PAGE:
Introduced frog species, have caused extinction of many native species, due to a massive change in the food pyramid. A prime example of an animal that is greatly damaging Australia’s native species is the Cane toad, which was introduced originally to destroy the harmful cane beetle. It is damaging Australia’s native species, because larger animals see cane toads as prey and therefore hunt them. When cane toads are ingested, a poisonous toxin is put into the predator causing rapid heartbeat, excessive salivation, swelling and eventually death. The animals that commonly suffer are native reptiles, snakes and crocodiles.
Risk of natural hazards: It isn’t only humans that are causing the irreversible damage to Australia’s native species. A very small threat to our animals is natural causes. These causes include fire, erosion, floods, drought, landslide and cyclones. Many of these things are a very common occurrence in Australia. One of the main natural hazards that Australia faces often is fire. Tens of thousands of animals died in the Victorian bushfire. Not including the many thousands that had to be euthanized afterwards, due to severe burns and dehydration. Most are small, non-flying animals that could not escape the flames.
Insect populations took the worst hit. Natural factors usually occur at a slower rate and therefore cause a low extinction rate. Human activities occur at a faster rate and cause higher extinction rates. Human activities are mostly responsible for the present extinction rates. Current policy position: Different governments around Australia have various pieces of legislation that protect Australia’s flora and fauna. The state governments are responsible for the bulk protection and sustainability of flora and fauna, while the federal government has little power over matters relating to flora and fauna.
Many rules/laws on these legislations are very similar and have a few small differences to fit each state/ territory’s needs. However all legislations aim to protect all native species from harm, minimise the loss of habitat and to prevent extinction. These types of flora and fauna legislations are in place in all states/ territories around Australia. An example of this type of legislation is the Victorian Flora and Fauna Guarantee Act from 1988, which was the first Australian legislation to deal with issues relating to flora and fauna. The Flora and Fauna Guarantee act Victoria (1988) is designed to: * Protect species Protect genetic material and habitats, * Prevent extinction and * Allow maximum genetic diversity within the state of Victoria. Future action plan: There are many individuals, groups and governments that are having big impacts on the state of Australia’s flora and fauna. Some of which are positive and some are negative. The majority are positive; however there are more steps that individuals, groups and governments could take to ensure a brighter future for Australian native species. Individuals Wildlife Tourists Wildlife tourism is watching wild animals in their natural habitat.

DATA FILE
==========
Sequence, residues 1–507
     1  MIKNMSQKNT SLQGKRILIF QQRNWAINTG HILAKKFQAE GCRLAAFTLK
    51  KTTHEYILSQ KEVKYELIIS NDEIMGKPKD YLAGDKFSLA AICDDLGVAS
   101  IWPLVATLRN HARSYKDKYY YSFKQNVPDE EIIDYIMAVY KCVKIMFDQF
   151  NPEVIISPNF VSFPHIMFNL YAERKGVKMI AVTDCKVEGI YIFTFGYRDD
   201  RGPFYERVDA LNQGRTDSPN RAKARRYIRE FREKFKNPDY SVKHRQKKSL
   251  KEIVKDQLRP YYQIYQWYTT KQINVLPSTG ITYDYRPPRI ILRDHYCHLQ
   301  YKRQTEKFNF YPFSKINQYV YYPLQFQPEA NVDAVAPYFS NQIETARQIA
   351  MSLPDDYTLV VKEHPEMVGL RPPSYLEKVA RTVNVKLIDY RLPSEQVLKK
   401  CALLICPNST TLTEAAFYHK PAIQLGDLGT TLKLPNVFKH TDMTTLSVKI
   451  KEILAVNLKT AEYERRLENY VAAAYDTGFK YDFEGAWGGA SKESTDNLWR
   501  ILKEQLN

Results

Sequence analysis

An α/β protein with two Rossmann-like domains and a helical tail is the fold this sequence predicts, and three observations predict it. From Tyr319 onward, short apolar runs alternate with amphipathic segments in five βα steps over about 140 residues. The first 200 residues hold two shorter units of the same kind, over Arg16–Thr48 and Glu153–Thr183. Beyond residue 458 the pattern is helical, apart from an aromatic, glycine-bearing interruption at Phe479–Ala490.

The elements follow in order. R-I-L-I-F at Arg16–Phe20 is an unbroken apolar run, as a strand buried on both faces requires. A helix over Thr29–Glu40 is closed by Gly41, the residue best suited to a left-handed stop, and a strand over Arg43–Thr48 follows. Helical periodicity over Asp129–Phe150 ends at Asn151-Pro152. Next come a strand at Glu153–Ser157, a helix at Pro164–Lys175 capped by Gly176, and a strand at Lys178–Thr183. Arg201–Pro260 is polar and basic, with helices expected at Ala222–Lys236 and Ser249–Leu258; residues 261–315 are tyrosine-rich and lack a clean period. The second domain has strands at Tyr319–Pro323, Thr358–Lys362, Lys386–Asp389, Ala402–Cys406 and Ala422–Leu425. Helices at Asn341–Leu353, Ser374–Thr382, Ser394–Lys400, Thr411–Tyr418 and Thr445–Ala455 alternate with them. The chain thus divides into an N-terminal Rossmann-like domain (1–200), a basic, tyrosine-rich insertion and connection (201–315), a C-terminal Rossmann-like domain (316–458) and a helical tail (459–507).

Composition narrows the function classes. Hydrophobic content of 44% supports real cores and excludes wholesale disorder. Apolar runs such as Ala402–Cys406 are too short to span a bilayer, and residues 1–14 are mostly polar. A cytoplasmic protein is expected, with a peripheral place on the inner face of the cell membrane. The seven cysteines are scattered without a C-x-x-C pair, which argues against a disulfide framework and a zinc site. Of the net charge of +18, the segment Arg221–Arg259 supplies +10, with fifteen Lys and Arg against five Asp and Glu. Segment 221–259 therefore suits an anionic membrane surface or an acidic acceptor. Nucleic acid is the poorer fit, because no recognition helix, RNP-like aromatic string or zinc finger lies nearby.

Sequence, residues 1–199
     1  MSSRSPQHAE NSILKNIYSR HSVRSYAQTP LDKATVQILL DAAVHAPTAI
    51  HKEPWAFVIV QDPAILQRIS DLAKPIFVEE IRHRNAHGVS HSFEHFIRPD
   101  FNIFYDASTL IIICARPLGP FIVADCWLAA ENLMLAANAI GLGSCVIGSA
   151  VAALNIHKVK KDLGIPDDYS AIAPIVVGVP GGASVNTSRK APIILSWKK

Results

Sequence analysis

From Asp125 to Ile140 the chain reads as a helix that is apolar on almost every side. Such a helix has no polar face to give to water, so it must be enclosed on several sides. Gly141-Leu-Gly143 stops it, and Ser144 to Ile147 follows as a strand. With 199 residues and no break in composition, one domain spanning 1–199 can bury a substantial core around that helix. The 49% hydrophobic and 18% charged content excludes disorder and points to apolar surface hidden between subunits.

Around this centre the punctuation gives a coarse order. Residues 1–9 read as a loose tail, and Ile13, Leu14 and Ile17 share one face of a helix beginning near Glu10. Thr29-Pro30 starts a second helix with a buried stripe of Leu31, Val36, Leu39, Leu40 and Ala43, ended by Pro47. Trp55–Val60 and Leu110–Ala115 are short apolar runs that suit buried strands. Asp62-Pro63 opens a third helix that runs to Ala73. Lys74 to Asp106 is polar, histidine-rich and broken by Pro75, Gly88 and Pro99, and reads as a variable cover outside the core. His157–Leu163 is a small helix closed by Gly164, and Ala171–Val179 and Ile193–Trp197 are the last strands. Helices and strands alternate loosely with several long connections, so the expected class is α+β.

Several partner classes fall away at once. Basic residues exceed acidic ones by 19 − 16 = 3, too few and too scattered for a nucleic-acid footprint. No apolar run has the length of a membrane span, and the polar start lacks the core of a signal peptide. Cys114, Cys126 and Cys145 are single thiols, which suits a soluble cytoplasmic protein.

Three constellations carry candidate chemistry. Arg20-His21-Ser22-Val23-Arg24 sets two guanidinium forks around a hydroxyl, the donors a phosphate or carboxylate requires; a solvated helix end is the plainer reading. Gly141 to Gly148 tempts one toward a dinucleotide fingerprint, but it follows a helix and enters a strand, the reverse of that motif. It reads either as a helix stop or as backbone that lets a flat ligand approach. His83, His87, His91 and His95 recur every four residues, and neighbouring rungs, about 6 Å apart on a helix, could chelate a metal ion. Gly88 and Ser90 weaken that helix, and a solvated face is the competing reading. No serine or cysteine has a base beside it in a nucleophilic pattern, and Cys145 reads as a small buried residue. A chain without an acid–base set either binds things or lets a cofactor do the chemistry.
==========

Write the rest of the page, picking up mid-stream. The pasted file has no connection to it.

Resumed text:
Australia has a large amount of wildlife tourism due to our unique flora and fauna species. These include; kangaroos, koalas, echidnas, dingos, platypuses, wallabies and wombats. Animal tourism in Australia is very beneficial not only for the tourists but also for the animals. When tourists come to Australia, they are educated about the animals, their habitat and how important it is to protect these animals. The tourist’s views and opinions are then changed and they walk away caring more for the animals and plants, as well as the importance of maintaining biodiversity.
Secondly a proportion of the revenue raised from tourism goes towards more educational projects as well as conservation projects, which are very beneficial to all animals. Wildlife Tourism has many positives and the Australian wildlife tourism is moving in the right direction, but there are more highly important steps that need to be taken by the Australian tourism industry, to protect flora and fauna. When building accommodation for tourists, animal’s homes and habitats are often knocked down, causing disturbance to animals and leading to increased vulnerability.